US/Mountain, 28 May - 2 June 2017
1 Experimental Physics, FR 7.2, Saarland University (UdS), Saarbrücken, Germany
2 Max Planck Institute for Dynamics and Self-Organization, Göttingen, Germany
Received: 24 February 2016
Revised: 20 April 2016
Published online: 10 November 2016
Self-propelled droplets are a special kind of self-propelled matter that are easily fabricated by standard microfluidic tools and locomote for a certain time without external sources of energy. The typical driving mechanism is a Marangoni flow due to gradients in the interfacial energy on the droplet interface. In this article we review the hydrodynamic prerequisites for self-sustained locomotion and present two examples to realize those conditions for emulsion droplets, i.e. droplets stabilized by a surfactant layer in a surrounding immiscible liquid. One possibility to achieve self-propelled motion relies on chemical reactions affecting the surface active properties of the surfactant molecules. The other relies on micellar solubilization of the droplet phase into the surrounding liquid phase. Remarkable cruising ranges can be achieved in both cases and the relative insensitivity to their own ‘exhausts’ allows to additionally study collective phenomena.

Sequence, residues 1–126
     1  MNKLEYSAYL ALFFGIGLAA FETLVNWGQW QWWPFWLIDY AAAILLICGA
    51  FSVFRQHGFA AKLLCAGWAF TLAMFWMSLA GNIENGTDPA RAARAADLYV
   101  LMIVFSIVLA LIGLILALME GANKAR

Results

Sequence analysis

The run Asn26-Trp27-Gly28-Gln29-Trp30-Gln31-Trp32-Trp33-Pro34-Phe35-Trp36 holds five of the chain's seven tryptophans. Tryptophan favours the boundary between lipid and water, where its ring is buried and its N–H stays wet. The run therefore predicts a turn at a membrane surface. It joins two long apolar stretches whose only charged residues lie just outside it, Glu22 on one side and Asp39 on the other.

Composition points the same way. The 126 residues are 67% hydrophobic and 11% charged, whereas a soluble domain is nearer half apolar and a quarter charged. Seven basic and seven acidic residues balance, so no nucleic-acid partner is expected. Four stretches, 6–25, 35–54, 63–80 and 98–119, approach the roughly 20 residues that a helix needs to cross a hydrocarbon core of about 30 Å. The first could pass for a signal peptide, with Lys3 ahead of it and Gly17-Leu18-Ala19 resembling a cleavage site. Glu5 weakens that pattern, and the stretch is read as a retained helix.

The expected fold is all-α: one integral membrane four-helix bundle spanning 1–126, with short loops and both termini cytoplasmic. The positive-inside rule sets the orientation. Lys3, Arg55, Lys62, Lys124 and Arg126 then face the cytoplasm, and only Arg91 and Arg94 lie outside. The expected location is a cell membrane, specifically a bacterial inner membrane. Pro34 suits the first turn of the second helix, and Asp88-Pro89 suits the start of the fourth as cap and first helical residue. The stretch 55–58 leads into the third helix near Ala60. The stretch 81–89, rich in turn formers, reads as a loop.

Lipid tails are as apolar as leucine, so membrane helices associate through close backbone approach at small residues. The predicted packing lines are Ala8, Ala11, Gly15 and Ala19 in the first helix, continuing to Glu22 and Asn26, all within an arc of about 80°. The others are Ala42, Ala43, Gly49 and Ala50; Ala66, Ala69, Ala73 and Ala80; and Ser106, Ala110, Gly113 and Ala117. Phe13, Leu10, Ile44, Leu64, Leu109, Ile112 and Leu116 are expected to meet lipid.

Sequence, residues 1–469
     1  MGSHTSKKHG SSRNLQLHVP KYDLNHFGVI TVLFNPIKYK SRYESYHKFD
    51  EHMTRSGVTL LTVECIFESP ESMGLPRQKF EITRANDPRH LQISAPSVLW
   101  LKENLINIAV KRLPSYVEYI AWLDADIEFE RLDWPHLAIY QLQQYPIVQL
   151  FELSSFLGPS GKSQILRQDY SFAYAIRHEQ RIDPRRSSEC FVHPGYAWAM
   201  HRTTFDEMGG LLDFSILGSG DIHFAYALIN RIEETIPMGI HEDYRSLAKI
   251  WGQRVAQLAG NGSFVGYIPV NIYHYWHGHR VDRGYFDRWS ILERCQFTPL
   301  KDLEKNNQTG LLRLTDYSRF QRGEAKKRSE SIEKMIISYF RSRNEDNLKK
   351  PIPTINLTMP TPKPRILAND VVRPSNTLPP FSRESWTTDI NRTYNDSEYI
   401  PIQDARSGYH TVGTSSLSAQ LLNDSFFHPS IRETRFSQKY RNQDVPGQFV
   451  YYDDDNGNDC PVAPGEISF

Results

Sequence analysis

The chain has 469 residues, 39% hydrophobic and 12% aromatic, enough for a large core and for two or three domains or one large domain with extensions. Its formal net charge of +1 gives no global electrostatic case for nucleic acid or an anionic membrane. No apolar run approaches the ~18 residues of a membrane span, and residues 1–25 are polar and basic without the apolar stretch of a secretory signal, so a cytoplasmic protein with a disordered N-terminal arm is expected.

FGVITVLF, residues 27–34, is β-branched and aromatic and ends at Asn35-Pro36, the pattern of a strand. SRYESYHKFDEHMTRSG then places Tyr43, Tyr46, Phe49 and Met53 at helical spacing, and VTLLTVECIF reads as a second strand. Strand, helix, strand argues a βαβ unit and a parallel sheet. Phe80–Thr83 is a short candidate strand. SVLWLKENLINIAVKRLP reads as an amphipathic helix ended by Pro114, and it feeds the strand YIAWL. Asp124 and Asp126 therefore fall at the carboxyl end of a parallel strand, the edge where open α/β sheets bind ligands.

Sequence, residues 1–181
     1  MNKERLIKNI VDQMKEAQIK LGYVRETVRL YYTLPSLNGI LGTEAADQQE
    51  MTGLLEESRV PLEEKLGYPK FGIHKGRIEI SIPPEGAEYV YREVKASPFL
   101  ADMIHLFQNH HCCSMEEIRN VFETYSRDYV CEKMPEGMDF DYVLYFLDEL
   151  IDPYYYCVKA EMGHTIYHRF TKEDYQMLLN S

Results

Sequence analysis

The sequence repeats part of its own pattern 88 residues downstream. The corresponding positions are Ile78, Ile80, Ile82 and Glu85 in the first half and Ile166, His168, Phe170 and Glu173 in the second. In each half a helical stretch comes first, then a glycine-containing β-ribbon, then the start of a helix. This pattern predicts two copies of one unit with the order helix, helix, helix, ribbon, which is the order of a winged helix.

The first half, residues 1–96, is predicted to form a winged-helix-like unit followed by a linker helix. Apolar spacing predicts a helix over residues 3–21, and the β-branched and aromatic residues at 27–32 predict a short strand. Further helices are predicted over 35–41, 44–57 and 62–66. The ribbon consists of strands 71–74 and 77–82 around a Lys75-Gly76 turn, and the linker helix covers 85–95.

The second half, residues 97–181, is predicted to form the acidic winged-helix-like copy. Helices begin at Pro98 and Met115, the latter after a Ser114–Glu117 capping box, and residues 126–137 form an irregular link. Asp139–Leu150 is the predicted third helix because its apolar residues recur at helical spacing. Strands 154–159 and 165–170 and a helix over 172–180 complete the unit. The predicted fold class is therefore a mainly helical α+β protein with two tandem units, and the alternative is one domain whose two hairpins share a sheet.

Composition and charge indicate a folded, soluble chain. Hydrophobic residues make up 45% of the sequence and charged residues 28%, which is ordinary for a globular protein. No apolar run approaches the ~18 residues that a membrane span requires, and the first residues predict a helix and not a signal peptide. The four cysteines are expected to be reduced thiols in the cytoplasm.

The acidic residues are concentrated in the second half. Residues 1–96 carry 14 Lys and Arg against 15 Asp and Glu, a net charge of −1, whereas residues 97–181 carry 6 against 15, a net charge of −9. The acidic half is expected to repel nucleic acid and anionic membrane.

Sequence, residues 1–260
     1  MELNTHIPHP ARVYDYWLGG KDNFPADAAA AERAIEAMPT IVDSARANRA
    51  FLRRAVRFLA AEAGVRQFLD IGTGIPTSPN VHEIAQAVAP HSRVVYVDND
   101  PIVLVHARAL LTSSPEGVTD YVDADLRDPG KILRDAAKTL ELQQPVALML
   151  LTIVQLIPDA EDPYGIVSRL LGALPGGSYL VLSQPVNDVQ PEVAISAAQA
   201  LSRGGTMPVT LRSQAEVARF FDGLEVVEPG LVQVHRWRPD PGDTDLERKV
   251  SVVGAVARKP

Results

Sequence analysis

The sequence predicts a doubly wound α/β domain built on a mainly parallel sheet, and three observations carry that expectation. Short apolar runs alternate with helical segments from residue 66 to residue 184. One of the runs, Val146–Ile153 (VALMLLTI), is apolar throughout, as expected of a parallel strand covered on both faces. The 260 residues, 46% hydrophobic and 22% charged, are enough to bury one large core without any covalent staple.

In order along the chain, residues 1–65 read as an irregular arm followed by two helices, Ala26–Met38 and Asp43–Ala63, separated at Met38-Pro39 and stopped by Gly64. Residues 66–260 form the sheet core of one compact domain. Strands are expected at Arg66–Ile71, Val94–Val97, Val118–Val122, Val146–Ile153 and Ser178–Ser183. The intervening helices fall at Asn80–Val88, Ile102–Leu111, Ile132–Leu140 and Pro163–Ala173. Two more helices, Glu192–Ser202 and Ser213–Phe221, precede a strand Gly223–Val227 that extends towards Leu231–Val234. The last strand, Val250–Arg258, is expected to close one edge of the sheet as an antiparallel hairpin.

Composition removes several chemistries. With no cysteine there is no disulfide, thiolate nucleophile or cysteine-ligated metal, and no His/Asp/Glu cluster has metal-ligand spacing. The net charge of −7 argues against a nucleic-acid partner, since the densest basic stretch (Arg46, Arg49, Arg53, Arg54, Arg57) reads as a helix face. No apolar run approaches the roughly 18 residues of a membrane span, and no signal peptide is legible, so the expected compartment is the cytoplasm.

© The Author(s) 2016
Open Access This is an Open Access article distributed under the terms of the Creative Commons Attribution License (http://creativecommons.org/licenses/by/4.0), which permits unrestricted use, distribution, and reproduction in any medium, provided the original work is properly cited.